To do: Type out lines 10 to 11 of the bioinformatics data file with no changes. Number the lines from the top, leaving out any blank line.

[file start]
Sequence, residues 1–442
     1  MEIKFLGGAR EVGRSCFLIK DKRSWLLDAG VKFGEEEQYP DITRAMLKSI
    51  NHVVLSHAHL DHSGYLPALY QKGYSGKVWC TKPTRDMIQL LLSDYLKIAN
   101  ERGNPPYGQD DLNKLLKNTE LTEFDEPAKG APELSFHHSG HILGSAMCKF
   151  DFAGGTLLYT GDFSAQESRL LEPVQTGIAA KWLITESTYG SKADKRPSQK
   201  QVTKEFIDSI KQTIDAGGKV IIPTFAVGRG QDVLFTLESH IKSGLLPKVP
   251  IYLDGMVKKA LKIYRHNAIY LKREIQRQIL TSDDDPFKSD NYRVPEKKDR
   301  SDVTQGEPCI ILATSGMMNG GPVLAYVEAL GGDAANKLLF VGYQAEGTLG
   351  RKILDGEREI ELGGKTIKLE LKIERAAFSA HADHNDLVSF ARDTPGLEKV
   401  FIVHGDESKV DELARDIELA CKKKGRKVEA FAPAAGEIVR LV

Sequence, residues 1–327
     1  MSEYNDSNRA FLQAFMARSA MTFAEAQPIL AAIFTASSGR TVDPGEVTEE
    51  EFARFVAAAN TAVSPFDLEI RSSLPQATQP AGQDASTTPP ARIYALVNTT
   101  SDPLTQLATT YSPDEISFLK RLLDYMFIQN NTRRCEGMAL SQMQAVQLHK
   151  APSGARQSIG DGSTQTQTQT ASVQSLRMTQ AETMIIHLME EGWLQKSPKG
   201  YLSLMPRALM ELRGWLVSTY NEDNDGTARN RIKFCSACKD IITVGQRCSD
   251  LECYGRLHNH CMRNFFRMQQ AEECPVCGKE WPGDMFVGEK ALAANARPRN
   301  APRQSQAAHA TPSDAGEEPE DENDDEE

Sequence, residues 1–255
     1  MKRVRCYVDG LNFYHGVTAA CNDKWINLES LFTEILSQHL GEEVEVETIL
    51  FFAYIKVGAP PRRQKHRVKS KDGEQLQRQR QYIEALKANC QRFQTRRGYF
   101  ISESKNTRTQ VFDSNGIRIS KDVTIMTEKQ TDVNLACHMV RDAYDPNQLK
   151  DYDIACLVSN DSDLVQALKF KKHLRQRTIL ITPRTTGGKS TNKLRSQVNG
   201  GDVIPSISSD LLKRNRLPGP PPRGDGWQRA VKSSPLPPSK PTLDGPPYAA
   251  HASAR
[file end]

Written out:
   401  FIVHGDESKV DELARDIELA CKKKGRKVEA FAPAAGEIVR LV

Sequence, residues 1–327